ultimately reflect shifts in the duration or origin of trips. n55

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Jan K. Brueckner, Department of Economics and Institute of Government and Public Affairs, University of
Illinois at Urbana–Champaign, International Regional Science Review, “Urban Sprawl: Diagnosis and
Remedies” April 2000 http://irx.sagepub.com/content/23/2/160.abstract (accessed 9/21/12)

Although the allocation of land is governed by competition between urban and agricultural uses, the outcome
has increasingly tipped in favor of urban use, leading to substantial spatial growth of cities and prompting
criticism of urban sprawl. Economists believe that three underlying forces—population growth, rising household
incomes, and transportation improvements—are responsible for this spatial growth (see Mieszkowski and Mills
1993). As the nation’s population expands, cities must grow spatially to accommodate more people. In addition,
rising incomes affect urban growth because residents of the city demand more living space as they become
richer over time. By itself, the greater demand for space causes the city to expand spatially as dwelling sizes
increase. This effect is reinforced by the residents’ desire to carry out their greater housing consumption in a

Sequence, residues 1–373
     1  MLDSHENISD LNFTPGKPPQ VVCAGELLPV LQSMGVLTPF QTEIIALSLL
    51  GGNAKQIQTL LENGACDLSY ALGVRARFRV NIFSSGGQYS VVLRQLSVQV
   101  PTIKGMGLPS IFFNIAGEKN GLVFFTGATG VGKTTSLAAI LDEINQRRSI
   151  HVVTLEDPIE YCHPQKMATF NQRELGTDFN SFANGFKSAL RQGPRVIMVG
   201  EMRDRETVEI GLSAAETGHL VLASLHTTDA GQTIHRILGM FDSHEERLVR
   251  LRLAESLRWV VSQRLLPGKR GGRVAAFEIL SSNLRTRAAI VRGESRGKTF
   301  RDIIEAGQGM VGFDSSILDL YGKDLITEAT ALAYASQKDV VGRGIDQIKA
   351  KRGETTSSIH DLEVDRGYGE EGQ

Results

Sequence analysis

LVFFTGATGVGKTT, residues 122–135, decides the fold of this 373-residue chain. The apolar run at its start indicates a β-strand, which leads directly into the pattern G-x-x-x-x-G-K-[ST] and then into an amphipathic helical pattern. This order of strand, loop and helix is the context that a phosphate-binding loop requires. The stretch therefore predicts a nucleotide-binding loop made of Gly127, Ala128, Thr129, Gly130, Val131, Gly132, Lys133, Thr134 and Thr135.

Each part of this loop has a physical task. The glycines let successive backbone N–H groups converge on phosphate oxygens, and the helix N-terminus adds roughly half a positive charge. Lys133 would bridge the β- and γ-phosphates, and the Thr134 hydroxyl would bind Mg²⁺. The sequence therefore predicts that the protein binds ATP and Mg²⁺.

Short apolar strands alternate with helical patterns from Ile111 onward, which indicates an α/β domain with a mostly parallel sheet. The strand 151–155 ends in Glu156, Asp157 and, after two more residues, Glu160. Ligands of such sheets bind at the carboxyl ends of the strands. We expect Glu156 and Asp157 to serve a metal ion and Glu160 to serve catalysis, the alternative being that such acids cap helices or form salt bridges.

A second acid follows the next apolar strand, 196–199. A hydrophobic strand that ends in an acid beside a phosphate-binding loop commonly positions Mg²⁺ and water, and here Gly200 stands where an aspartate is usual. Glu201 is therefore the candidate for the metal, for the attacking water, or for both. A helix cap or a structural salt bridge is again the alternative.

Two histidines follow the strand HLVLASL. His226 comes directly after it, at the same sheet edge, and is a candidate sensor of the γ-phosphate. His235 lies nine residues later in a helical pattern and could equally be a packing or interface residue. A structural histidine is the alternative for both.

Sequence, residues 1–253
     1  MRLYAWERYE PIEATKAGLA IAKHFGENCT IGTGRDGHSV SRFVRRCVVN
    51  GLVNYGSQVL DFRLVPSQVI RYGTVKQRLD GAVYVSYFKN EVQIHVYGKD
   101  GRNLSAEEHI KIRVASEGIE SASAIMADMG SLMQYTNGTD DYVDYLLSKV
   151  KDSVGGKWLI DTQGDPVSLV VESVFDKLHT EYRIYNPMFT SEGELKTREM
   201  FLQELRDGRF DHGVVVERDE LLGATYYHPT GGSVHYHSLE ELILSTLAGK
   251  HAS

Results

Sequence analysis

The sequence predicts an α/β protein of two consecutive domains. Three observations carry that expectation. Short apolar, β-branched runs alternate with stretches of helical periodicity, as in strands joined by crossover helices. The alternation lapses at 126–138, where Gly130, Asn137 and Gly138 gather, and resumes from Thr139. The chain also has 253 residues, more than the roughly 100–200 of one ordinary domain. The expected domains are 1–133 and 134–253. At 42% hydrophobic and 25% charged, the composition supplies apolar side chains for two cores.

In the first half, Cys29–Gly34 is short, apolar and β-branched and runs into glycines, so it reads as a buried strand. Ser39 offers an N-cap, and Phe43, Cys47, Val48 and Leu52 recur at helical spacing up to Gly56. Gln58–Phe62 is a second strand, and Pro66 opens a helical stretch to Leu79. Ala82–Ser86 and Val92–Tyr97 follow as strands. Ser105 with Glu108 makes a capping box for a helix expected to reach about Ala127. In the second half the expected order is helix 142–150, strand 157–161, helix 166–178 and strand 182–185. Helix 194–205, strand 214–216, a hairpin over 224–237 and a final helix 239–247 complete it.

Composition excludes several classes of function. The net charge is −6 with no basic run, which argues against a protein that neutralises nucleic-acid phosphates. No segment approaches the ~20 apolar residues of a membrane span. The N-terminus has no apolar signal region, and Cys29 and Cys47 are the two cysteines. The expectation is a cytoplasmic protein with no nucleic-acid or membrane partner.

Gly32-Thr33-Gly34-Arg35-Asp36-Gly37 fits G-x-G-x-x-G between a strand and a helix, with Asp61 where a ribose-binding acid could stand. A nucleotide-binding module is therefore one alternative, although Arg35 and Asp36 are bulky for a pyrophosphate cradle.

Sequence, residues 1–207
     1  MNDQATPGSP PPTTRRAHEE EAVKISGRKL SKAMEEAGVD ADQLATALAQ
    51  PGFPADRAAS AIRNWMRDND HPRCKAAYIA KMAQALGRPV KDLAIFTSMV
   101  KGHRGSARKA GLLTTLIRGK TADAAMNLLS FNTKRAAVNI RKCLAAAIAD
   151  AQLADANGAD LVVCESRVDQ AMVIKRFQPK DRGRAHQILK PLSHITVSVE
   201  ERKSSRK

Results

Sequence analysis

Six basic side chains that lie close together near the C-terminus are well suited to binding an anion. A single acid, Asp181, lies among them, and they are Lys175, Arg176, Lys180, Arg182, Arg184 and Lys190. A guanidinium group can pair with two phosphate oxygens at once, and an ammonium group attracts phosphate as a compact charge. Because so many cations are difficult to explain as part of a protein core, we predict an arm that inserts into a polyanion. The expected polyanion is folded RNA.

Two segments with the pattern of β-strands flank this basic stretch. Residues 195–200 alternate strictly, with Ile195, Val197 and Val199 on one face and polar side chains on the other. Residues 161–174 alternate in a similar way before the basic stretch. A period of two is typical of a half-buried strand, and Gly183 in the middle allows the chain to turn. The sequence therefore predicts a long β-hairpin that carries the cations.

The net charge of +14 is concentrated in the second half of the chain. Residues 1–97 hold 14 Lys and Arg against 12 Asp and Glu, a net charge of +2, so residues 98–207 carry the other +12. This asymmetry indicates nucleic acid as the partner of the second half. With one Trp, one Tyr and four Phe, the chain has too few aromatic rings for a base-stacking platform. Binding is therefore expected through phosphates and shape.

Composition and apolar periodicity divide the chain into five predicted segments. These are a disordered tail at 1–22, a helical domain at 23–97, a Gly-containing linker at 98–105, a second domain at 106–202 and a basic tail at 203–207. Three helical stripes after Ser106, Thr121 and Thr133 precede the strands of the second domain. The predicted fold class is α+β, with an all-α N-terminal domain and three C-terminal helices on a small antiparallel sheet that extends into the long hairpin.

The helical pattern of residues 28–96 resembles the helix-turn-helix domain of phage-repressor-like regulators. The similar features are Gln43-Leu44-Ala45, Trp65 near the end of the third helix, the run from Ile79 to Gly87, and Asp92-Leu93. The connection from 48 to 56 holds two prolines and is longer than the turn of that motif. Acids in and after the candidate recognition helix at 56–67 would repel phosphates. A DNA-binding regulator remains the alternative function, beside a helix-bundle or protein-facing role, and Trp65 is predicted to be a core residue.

location where housing is cheap, namely the suburbs. So the spatial expansion due to rising incomes is
strengthened by a price incentive favoring suburbanization. A similar phenomenon occurs in response to
investment in freeways and other transportation infrastructure. Because such investment makes travel faster and
more convenient, thus reducing the cost of commuting, consumers can enjoy cheap housing in the suburbs while
paying smaller commuting-cost penalties. As a result, suburban locations look increasingly attractive as
commuting costs fall, which spurs suburbanization and leads to spatial growth of the city.
Petter Christiansen, Department of Mobility and Organization, TOI Report: Drivers behind urban sprawl in
Europe,2011 https://www.toi.no/getfile.php/Publikasjoner/T%D8I%20rapporter/2011/1136-2011/1136-2011-
el.pdf (accessed 9/21/12)

Increased availability may contribute to new areas becoming attractive for residential, industrial and office space